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Diabetes requiring insulin increases stroke risk in AF

Publication date: Sunday, 12 March 2017
Contributor(s): Jeremy Bray

Atrial fibrillation (AF) patients with insulin-requiring diabetes are at greater risk of suffering a stroke or systemic embolism than those with non-insulin requiring diabetes, or no diabetes at all. While diabetes is a known risk factor for thromboembolic events, this finding sheds new light on the role of insulin in the clinical setting.

These results are based on subanalyses of the PREFER in AF registry, a study conducted to provide insights into the management of AF in Europe, following the introduction of non-vitamin K oral anticoagulants (NOACs).
In a group of 1288 diabetic AF patients enrolled in the PREFER in AF registry, those with insulin-requiring diabetes were found to have a greater than 2.5-fold increased risk of stroke or systemic embolism at one year compared to those with non-insulin requiring diabetes (HR 2.96: 1.49 to 5.87; p = 0.0019) and no diabetes (HR: 2.89; 95% CI: 1.67 to 5.02; p = 0.0002) (Table 1).

These findings were found to be the case irrespective of comorbidities and the type of anticoagulant treatment used. Interestingly, rates of stroke or systemic embolism were not observed to be different in patients with diabetes not receiving insulin compared to those without diabetes (HR: 0.97; 0.58 to 1.61; p = 0.90), which suggests that insulin-requiring diabetes may increase the thromboembolic risk in AF patients.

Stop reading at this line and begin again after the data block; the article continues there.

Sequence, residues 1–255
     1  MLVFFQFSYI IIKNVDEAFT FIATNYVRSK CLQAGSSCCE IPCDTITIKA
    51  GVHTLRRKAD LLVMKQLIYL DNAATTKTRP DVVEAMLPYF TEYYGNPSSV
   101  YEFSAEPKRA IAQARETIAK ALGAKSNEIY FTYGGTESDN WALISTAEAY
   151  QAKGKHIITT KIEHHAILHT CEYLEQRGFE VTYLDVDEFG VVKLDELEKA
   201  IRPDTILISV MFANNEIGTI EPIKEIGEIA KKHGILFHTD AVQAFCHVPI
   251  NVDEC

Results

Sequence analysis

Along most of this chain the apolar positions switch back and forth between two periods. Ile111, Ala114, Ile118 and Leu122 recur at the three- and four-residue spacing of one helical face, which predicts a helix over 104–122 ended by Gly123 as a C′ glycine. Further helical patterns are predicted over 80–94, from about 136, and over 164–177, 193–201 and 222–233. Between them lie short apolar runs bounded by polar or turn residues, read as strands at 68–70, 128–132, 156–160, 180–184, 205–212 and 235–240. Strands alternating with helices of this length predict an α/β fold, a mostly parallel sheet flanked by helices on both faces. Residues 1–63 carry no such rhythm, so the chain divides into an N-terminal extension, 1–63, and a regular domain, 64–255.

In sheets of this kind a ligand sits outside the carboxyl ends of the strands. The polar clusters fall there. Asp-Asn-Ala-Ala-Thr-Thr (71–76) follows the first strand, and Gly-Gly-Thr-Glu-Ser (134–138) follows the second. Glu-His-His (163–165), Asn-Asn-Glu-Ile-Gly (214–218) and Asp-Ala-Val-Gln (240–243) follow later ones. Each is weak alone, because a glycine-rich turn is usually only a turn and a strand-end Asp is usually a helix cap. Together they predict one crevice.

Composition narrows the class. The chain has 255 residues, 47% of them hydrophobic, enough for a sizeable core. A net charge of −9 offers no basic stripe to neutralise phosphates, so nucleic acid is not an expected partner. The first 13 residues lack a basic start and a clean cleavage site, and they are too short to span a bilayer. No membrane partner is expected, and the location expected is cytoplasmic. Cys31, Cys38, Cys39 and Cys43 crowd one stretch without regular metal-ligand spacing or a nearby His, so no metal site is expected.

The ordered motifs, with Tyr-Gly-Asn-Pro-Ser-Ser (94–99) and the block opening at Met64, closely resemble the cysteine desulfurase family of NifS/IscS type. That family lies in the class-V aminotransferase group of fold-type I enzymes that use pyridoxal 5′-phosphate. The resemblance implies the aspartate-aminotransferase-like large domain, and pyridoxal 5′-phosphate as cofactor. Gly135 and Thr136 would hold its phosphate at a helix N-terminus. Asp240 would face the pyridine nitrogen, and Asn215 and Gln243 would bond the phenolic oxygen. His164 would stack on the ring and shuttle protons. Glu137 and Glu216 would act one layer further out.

Table 1: Risk of stroke or systemic embolism in patients with AF at 1 year.

Patient group

Cases of stroke/systemic embolism

Diabetes patients requiring insulin

5.2 per 100 patients/year

Diabetes patients not requiring insulin

1.8 per 100 patients/year

Non-diabetic patients

1.9 per 100 patients/year

Although the presence of diabetes (not requiring insulin) did not imply an increased thromboembolic risk in these patients, insulin-requiring diabetes contributes significantly to the overall increase of thromboembolic risk in AF. This could have significant implications for clinical practice to ensure that AF patients with diabetes who are taking insulin receive appropriate anticoagulation treatment to mitigate additional risk. Further studies are required to substantiate the findings.

Patti G, et al. Insulin-Requiring Versus Noninsulin-Requiring Diabetes and Thromboembolic Risk in Patients With Atrial Fibrillation: PREFER in AF. JACC 2017; 69(4): 409-419.www.ncbi.nlm.nih.gov/pubmed/28126158

Kirchhof P, et al. Management of atrial fibrillation in seven European countries after the publication of the 2010 ESC Guidelines on atrial fibrillation: primary results of the PREvention oF thromboembolic events - European Registry in Atrial Fibrillation (PREFER in AF). Europace 2013. doi: 10.1093/europace/eut263. www.ncbi.nlm.nih.gov/pubmed/24084680

Topics covered:
Category: Evidence in Practice
Edition: Volume 2, Number 2, BJPCN Online 2017
Contributor(s): Jeremy Bray

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